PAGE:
Something from the poker domain

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sje
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Something from the poker domain

Post by sje » Fri Jan 09, 2015 5:41 am

Something from the poker domain (heads-up limit Texas Hold 'em):

http://www.dailymail.co.uk/news/article ... ategy.html

Coming from Michael Bowling at the University of Alberta in Edmonton, I suspect that Jonathan Schaeffer of Chinook fame was part of the inspiration with his interest in poker.

The old timers here know about Schaeffer's computer chess work from his early 1980s program Phoenix which later became Sun Phoenix; one of the very first distributed processing chess programs.

bob
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Re: Something from the poker domain

Post by bob » Sat Jan 10, 2015 8:09 pm

sje wrote:Something from the poker domain (heads-up limit Texas Hold 'em):

http://www.dailymail.co.uk/news/article ... ategy.html

Coming from Michael Bowling at the University of Alberta in Edmonton, I suspect that Jonathan Schaeffer of Chinook fame was part of the inspiration with his interest in poker.

The old timers here know about Schaeffer's computer chess work from his early 1980s program Phoenix which later became Sun Phoenix; one of the very first distributed processing chess programs.
Not to mention Chinook and his battles with Marion Tinsley...

wgarvin
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Re: Something from the poker domain

Post by wgarvin » Mon Jan 12, 2015 3:14 am

bob wrote: Not to mention Chinook and his battles with Marion Tinsley...
Oh man. Marion Tinsley was an incredibly strong checkers player. IIRC he lost only seven games in a career spanning over four decades. Two of the losses were to Chinook, although Tinsley had four wins against it in the same match, so he still won the match.

Schaeffer wrote a book (One Jump Ahead) about their experience building Chinook with the aim of unseating Tinsley as world champion.

He was so strong, and checkers is so drawish, that their entire strategy was focused around finding mistakes in human opening theory through exhaustive analysis (moves that would give Chinook a winning chance that human players would hopefully not recognize until a few moves later). They also made a huge distributed endgame generation effort, and by the time they were approaching world-class strength, Chinook could search some lines all the way into their databases (8-man or something) all the way from the opening position. But even with this omniscience, Tinsley was still nearly unbeatable. Schaeffer also proved later, that checkers is a draw with perfect play by both sides.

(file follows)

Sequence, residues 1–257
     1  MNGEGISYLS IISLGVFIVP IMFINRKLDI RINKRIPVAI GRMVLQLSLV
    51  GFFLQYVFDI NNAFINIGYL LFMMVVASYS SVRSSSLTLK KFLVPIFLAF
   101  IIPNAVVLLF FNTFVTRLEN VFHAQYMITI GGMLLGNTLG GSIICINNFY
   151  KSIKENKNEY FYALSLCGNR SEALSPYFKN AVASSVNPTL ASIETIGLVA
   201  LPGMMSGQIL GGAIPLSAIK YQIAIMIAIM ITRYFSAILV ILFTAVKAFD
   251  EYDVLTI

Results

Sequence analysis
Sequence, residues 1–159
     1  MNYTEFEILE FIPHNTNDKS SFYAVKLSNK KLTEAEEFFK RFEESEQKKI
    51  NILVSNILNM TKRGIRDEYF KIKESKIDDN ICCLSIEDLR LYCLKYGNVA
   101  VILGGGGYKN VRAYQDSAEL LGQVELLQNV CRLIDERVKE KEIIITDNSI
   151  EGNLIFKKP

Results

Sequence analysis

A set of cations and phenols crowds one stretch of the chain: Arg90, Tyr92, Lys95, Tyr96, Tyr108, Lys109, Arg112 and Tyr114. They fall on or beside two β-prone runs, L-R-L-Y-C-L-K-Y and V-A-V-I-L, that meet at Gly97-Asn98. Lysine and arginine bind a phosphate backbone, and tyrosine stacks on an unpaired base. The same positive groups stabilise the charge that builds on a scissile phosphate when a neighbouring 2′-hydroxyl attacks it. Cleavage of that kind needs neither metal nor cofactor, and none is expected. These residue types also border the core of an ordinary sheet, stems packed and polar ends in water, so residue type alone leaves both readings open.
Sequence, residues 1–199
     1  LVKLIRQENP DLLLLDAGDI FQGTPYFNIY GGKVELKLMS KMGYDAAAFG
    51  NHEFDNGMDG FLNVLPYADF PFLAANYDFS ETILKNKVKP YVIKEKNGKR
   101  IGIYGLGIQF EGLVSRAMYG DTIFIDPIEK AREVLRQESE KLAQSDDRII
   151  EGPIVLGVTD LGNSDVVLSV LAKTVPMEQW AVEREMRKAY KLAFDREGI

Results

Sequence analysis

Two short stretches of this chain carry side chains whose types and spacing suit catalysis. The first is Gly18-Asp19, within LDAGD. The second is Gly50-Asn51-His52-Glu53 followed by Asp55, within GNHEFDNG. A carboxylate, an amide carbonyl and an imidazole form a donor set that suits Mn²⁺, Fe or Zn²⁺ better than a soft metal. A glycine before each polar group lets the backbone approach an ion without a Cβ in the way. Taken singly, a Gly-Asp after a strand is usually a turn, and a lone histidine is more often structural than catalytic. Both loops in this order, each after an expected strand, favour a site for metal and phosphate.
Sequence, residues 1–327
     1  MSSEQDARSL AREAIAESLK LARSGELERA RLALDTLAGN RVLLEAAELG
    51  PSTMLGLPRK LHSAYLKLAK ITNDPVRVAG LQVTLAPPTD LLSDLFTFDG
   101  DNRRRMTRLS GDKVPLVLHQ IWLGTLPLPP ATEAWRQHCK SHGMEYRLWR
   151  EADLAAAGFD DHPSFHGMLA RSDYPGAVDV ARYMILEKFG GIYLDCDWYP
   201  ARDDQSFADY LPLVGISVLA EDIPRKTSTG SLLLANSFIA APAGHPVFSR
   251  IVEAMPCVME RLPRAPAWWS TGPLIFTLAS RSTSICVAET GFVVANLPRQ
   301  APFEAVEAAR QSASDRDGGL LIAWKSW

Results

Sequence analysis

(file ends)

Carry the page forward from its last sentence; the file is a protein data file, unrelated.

bob
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Re: Something from the poker domain

Post by bob » Mon Jan 12, 2015 4:05 am

wgarvin wrote:
bob wrote: Not to mention Chinook and his battles with Marion Tinsley...
Oh man. Marion Tinsley was an incredibly strong checkers player. IIRC he lost only seven games in a career spanning over four decades. Two of the losses were to Chinook, although Tinsley had four wins against it in the same match, so he still won the match.

Schaeffer wrote a book (One Jump Ahead) about their experience building Chinook with the aim of unseating Tinsley as world champion.

He was so strong, and checkers is so drawish, that their entire strategy was focused around finding mistakes in human opening theory through exhaustive analysis (moves that would give Chinook a winning chance that human players would hopefully not recognize until a few moves later). They also made a huge distributed endgame generation effort, and by the time they were approaching world-class strength, Chinook could search some lines all the way into their databases (8-man or something) all the way from the opening position. But even with this omniscience, Tinsley was still nearly unbeatable. Schaeffer also proved later, that checkers is a draw with perfect play by both sides.
He was also a pretty good chess player. The world checker hall of fame is in Petal, Mississippi, about 5 miles from where I lived when I was in Hattiesburg (until 1985). Charles Walker built the hall of fame, and Tinsley visited regularly, playing most of his world championship matches there. He and Charles used to hit my office on a regular basis wanting to spar some with Cray Blitz. I was always able to set up time and I can recall one day where they teamed up against CB playing white every game, and playing the fried liver attack. CB had a good book for that since I played it myself, but it was also damned strong tactically, and try as much as they wanted, they never managed to beat it. But they had a lot of fun and it was a blast getting to chat many times with Tinsley. He was REALLY a class act. I finally convinced them that the Fried Liver is NOT a good opening against the computer, also. :) Or actually, Cray Blitz did. :)

Adam Hair
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Location: Fuquay-Varina, North Carolina

Re: Something from the poker domain

Post by Adam Hair » Tue Jan 20, 2015 2:03 pm


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